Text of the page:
Pro Life Leaders Voice Serious Concerns About Elena Kagan’s Views

By Susan Brinkmann, OCDS
Staff Journalist

Leaders of the pro-life movement in America are voicing serious concerns about the views of Supreme Court nominee Elena Kagan on abortion, judicial activism and marriage.

Judie Brown, president of the American Life League, points out that during Kagan’s 2009 confirmation hearings for solicitor general, she claimed to have a deep adherence to stare decisis (established law)  when it comes to ‘a women’s right to terminate her pregnancy,’ yet she has demonstrated her willingness to depart from established law in regards to homosexual issues.

“Kagan swore in the hearings to represent ‘with vigor’ interests of the United States ‘even when they conflict with my own opinions,’” Brown said in a May 10 press release. “Yet in August 2009, the Department of Justice under Kagan’s watch, filed a reply brief in a California case challenging the Defense of Marriage Act.”

Kagan has demonstrated a record of interpreting the law in the light of homosexual, pro-abortion activism, Brown says.

“What’s at stake here is the core constitutional question that passionately divides the country – does our Constitution seek human rights for all human beings or merely some human beings? Kagan’s answers to her 2009 confirmation hearings provide clear insight into her future judicial philosophy.”

Dr. Charmaine Yoest, president of the Americans United for Life (AUL), the nation’s premier pro-life legal group, also raised concerns about Kagan’s open admiration for activist judges who rewrite the law to suit themselves.

“AUL analysis shows that Kagan has contributed money to the National Partnership for Women and Families, a pro-choice organization with strong ties to Emily’s List and NARAL. She is an ardent abortion supporter, even arguing the federal government is subsidizing ‘anti-abortion speech’ when, in Title X, the federal government is prohibited from referring women for abortion. Ironically, her free speech sentiments do not extend to critics of aggressive activism. She has referred to those who call for respect and adherence to the Constitution ‘irresponsible’ and asserted that their criticism was ‘harmful to our constitutional system and to the value of a judiciary.”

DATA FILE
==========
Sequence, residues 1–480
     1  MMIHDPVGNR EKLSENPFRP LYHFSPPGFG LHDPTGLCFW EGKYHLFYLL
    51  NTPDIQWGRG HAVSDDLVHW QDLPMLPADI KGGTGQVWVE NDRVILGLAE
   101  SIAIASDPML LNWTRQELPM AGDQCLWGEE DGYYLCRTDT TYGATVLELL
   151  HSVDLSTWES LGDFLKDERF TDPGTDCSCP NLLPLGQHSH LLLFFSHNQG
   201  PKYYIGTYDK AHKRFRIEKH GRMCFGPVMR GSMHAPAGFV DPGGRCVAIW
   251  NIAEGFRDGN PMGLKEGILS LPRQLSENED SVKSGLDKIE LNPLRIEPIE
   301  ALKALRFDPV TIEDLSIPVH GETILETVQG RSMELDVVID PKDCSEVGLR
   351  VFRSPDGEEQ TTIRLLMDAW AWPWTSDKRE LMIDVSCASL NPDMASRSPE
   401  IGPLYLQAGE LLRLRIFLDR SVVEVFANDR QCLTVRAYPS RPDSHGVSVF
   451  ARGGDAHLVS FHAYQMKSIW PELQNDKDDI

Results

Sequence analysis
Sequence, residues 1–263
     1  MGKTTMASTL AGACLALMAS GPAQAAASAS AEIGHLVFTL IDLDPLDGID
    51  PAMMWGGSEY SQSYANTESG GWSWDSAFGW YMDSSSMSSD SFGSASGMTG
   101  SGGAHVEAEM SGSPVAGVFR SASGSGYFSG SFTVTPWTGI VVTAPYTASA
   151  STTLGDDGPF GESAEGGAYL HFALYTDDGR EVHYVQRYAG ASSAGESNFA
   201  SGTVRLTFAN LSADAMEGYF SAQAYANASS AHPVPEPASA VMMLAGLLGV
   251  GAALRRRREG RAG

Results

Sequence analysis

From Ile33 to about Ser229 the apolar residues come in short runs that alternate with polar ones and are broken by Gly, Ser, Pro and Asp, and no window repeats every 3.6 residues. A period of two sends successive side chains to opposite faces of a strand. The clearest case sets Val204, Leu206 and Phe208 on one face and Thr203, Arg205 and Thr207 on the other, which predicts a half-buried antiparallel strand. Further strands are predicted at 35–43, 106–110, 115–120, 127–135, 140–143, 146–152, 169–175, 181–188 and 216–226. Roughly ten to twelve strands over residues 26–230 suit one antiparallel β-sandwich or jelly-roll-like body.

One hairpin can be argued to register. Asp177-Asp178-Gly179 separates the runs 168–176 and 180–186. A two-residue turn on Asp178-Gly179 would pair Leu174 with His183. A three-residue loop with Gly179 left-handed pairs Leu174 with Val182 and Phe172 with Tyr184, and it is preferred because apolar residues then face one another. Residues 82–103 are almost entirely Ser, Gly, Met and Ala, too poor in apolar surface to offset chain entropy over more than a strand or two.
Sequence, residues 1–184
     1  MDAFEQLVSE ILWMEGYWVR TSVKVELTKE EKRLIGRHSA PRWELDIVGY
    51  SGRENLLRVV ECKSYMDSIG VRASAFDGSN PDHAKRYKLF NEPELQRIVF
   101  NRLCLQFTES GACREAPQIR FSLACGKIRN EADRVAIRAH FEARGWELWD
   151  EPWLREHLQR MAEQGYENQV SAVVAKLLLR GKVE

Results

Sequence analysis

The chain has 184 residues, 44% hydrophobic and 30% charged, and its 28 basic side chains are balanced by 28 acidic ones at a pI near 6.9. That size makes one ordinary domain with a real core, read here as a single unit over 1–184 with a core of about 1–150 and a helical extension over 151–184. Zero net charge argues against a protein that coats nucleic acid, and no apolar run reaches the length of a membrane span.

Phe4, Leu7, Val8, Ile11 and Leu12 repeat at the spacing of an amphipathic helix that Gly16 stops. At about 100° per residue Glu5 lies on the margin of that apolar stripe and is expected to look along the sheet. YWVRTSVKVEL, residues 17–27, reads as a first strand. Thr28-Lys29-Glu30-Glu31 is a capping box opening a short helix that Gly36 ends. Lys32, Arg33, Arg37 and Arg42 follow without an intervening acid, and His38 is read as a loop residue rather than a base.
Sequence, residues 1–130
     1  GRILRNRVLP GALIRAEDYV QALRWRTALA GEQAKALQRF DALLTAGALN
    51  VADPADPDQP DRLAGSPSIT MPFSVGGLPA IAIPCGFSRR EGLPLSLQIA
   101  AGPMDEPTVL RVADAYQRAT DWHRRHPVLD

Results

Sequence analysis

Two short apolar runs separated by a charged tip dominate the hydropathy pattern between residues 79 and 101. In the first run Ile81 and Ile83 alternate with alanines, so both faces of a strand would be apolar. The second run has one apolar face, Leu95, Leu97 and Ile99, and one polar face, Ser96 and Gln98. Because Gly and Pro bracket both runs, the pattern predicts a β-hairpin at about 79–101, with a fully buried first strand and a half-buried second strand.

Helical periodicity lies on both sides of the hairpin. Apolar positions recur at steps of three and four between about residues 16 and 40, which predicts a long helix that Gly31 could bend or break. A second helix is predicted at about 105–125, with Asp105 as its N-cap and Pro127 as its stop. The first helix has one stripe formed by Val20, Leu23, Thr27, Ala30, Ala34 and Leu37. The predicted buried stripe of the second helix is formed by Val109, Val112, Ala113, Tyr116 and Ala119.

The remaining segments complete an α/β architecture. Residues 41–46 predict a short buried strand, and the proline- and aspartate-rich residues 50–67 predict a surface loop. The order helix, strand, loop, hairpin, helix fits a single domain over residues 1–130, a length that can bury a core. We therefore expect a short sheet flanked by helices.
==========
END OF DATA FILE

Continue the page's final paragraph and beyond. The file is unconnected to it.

We know that Kagan embraces judicial activism and abortion-on-demand, Dr. Yoest says, but it’s how she will turn these views into law that is mostly  hidden to the American people.

“Kagan is a stealth candidate; a woman with an open and extreme philosophy but no track record on how she will implement her own judicial activism. Obama is taking too great a risk with America’s future with the Kagan pick.”

Douglas Johnson, Legislative Director of the National Right to Life Committee is also concerned about her propensity for judicial activism.
“There are troubling indications that Ms. Kagan generally favors an activist, results-oriented approach to constitutional law,” he said. “For example, in her 1995 law journal article, she wrote, ‘The bottom-line issue in the appointments process must concern the kinds of judicial decisions that will serve the country and, correlatively, the effect the nominee will have on the Court’s decisions . . . If that is too results oriented … so be it. . .’  She also wrote that ‘it should be no surprise by now that many of the votes a Supreme Court Justice casts have little to do with technical legal ability and much to do with conceptions of value.’”

Even though Kagan has no judicial experience and lacks a paper trail, the thin history she has in the courts since becoming Solicitor General last year has already produced some indication of her radical views.

“ . . .(S)he argued that the federal government has the power, under campaign finance laws, to ban certain books and pamphlets,” cited Tony Perkins, president of the Family Research Council.

“Responding to this argument of Ms. Kagan, Chief Justice John Roberts wrote, ‘As a free-floating test for First Amendment coverage, that (proposition) is startling and dangerous.'”

Kagan also found it difficult to be forthcoming during confirmation hearings last year, something that should not be tolerated this time around, when she is being considered for a permanent position on the nation’s highest court, Perkins said. 

“Ms. Kagan has called for the Senate to use the Supreme Court confirmation hearings ‘to engage nominees in meaningful discussion of legal issues,’ and that a nominee’s views on issues are fair game to be discussed,” he said. “The U.S. Senate should evaluate her nomination by the very standards she set for this process. The Senate has a responsibility to present an accurate picture of her judicial philosophy before voting on her nomination.”

The president is pushing for a swift confirmation of Kagan, with hearings taking place this summer and concluding in time for her to be seated for the Court’s fall session.

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